A field hearing of the U.S. Senate Judiciary committee was held in Rutland on Monday to take testimony on Vermont’s efforts to deal with heroin and opiod addiction.
Vermont Governor Peter Shumlin brought the issue of drug addiction to national attention when he devoted his State of the State speech in January to the challenges Vermont faces in dealing with drug abuse and addiction. On Monday, Senate Judiciary Chairman Patrick Leahy, the senior Democrat in the Senate, convened a field hearing in Rutland called “Community Solutions to Breaking the Cycle of Heroin and Opioid Addiction.” Leahy called it a complex challenge for communities of all sizes across the country. “Vermont is way ahead of the country in many ways. We’ve openly identified the problem. We’re trying to find ways to access ways to help addicts get clean to stop this. We’ve heard many times and it bears repeating, and I say this as somebody who spent eight years as a state’s attorney, you cannot arrest your way out of this problem. You can’t just put it on the backs of law enforcement. You have prevention, education and treatment that has to go along with law enforcement. We have to get ahead of addiction.”
U.S. Attorney for the District of Vermont Tristram Coffin noted that on March 10th, U.S. Attorney General Eric Holder called the rise in overdose deaths from heroin and prescription painkillers an urgent public health crisis. Coffin agrees, citing data showing heroin overdose deaths nationally between 2006 and 2010 rose 45 percent. In Vermont, he says, heroin treatment is up over 250 percent since 2000 and over 40 percent in just the last year. His office is prosecuting more heroin traffickers, with indictments more than doubling last year. “To me one of the starkest statistics is the increase in fatal heroin overdoses we have here in Vermont. Last year’s total, a record 21, was more than twice as the year before, which was also a record. We’re not giving the community what it deserves if we offer up only an expensive solution: unlimited incarceration that does not address the root causes of the problem. When we look at the problem of heroin and opiod use law enforcement alone is not sufficient to address the problem. Community responses emphasizing prevention and treatment are essential complements to work in conjunction with law enforcement to make the community a safer and more drug-free place.”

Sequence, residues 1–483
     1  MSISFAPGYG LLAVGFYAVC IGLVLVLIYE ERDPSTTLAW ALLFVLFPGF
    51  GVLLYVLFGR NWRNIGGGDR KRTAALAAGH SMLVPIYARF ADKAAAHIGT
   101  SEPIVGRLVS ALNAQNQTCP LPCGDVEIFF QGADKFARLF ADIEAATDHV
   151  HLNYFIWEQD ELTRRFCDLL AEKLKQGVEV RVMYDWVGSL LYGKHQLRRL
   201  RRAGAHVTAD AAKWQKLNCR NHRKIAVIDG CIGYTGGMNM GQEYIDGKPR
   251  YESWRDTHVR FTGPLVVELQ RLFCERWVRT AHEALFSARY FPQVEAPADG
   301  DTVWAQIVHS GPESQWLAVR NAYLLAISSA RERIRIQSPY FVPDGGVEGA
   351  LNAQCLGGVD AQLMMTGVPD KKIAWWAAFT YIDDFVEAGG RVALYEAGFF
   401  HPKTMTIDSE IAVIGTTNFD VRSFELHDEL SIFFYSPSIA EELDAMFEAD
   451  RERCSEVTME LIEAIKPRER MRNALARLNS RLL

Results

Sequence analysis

The most compelling testimony came from Boys & Girls Clubs of Greater Burlington Executive Director Mary Alice McKenzie, who told the panel what children face in Vermont’s largest city. The Boys & Girls Club serves children between the age of 5 and 19. About three years ago, according to McKenzie, they started getting very concerned about what they were witnessing and reporting to children’s services. “We had children telling us that they were afraid to walk home at night. They told us of being followed, harassed and assaulted by those under the influence of drugs. Thirteen and fourteen year old children telling us that they had been approached to serve as lookouts. Fifteen, sixteen year old girls told us of being offered money for sex by the same people who were selling drugs in their neighborhoods. We started having to make more and more reports to DCF (Department of Children and Families) about children who were being severely neglected. We learned very disturbingly of access being made to middle-school aged girls in exchange for drugs.”